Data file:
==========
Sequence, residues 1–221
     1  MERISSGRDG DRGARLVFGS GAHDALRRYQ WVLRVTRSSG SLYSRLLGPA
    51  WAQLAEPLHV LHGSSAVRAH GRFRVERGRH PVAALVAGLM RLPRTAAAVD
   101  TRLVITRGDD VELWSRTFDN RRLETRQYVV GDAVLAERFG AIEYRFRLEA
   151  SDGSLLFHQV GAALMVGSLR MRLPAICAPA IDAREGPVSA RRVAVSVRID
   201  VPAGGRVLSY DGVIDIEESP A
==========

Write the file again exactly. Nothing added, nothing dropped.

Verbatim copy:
Sequence, residues 1–221
     1  MERISSGRDG DRGARLVFGS GAHDALRRYQ WVLRVTRSSG SLYSRLLGPA
    51  WAQLAEPLHV LHGSSAVRAH GRFRVERGRH PVAALVAGLM RLPRTAAAVD
   101  TRLVITRGDD VELWSRTFDN RRLETRQYVV GDAVLAERFG AIEYRFRLEA
   151  SDGSLLFHQV GAALMVGSLR MRLPAICAPA IDAREGPVSA RRVAVSVRID
   201  VPAGGRVLSY DGVIDIEESP A